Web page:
|REMOTE||Remote Instruction – This is a class that uses synchronous sessions using Zoom (or another videoconference technology) with a majority of the class instructor engagement held as synchronous virtual meetings, with the remainder involving asynchronous engagement. The synchronous delivery of a course refers specifically to instances where instructors and students are not physically in the same space at the same time, yet are meeting regularly at a specified “class” time via technology.|
|ONLINE||Online Instruction – A course is designed specifically for delivery to students who are not physically nor synchronously present with the instructor. The pedagogy is designed to teach the material using technology. In addition to asynchronous interaction, it may include occasional synchronous student interaction with the instructor as is mutually convenient.|
Note that engagement with the instructor during scheduled class times can include discussions, help sessions, recitations, lectures, assignment or homework assistance, and other forms of engagement with the course material.
Virus Outbreak – Effect on Classroom
Note that a positive test result will be obtained several days after a test. Touch risks have been considered to present a low risk of transmission. As a result, daily cleaning by Facilities Management and the wipe down of surfaces by students and faculty should be sufficient and enhanced cleaning of classrooms or notifications of entire classes will not be necessary or practically effective. Therefore, individuals who have been determined to be close contacts will be contacted by the University’s contact tracing team.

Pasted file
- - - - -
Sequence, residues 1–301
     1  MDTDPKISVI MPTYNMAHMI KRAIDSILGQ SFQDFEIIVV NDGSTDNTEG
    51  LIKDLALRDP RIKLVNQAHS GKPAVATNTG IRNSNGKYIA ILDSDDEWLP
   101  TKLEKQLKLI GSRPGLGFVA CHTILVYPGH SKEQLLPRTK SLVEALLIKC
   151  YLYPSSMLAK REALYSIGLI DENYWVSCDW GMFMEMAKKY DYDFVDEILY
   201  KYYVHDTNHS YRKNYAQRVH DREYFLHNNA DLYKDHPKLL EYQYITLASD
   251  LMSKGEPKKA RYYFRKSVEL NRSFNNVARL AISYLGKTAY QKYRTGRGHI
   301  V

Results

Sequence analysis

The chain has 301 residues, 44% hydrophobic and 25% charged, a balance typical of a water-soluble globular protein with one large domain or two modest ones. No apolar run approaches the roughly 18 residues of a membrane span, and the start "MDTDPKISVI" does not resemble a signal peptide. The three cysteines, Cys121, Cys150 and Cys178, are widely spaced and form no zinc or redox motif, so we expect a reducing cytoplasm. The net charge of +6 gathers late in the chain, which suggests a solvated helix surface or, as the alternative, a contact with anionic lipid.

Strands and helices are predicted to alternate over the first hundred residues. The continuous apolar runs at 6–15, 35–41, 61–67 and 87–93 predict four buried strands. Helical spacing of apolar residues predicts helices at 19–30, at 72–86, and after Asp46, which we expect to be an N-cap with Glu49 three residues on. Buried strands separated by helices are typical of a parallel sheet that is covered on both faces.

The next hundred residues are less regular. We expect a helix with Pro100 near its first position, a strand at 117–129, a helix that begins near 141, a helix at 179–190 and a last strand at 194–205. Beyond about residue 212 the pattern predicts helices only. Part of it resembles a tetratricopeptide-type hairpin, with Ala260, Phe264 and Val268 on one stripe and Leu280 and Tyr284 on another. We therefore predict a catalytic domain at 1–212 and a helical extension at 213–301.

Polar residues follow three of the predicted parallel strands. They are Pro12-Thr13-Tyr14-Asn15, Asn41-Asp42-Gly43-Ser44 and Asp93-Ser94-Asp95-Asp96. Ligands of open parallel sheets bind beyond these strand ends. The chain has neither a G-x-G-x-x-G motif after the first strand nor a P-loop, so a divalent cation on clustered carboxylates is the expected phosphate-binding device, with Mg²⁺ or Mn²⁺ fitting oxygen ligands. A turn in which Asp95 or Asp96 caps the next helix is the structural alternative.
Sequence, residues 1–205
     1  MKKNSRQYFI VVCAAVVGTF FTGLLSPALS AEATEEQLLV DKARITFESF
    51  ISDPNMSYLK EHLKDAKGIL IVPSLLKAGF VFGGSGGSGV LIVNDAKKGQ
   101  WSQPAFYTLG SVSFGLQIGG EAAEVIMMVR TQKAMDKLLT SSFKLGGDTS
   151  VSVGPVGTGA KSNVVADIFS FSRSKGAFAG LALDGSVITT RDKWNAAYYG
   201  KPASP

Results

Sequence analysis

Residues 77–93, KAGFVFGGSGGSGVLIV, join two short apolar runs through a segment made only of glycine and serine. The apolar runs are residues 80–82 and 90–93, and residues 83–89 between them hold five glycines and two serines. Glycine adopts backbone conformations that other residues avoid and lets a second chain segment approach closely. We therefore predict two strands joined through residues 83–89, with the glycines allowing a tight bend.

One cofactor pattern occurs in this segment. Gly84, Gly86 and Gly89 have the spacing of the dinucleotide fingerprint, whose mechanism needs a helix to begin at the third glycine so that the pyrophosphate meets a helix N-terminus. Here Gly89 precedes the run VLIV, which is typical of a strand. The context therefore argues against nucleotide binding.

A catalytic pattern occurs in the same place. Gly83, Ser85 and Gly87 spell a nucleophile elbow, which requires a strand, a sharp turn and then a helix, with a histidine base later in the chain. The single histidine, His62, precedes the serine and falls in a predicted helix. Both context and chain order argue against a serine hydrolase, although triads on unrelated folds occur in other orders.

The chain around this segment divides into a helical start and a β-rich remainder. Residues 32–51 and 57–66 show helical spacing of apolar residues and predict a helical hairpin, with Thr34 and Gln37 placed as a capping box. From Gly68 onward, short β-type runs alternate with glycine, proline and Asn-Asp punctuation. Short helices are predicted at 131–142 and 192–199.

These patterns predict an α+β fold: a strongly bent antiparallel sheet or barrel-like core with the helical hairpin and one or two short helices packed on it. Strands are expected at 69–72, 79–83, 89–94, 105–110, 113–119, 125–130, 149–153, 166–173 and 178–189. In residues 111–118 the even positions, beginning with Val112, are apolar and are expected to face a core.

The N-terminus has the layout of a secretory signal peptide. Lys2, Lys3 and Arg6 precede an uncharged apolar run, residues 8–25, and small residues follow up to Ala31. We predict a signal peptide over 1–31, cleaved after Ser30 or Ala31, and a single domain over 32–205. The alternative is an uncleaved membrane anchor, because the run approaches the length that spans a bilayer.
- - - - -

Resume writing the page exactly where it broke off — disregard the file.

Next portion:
- If it is discovered that a student or faculty member with COVID-19 has been on campus, the case will be reported on the university’s webpage, without disclosing the student’s or faculty member’s identity. Close contacts to that individual will be contacted using standardized language.
- If a student discloses to a faculty member that they have been diagnosed with COVID- 19, the faculty member should notify their chair, who will contact Facilities Management to determine appropriate cleaning, if that student has been on campus. The student should be encouraged to contact University Health Services. The identity of the student should not be disclosed to the public or the class. More information can be found here: https://coronavirus.olemiss.edu/confirmed-cases-reported-to-um/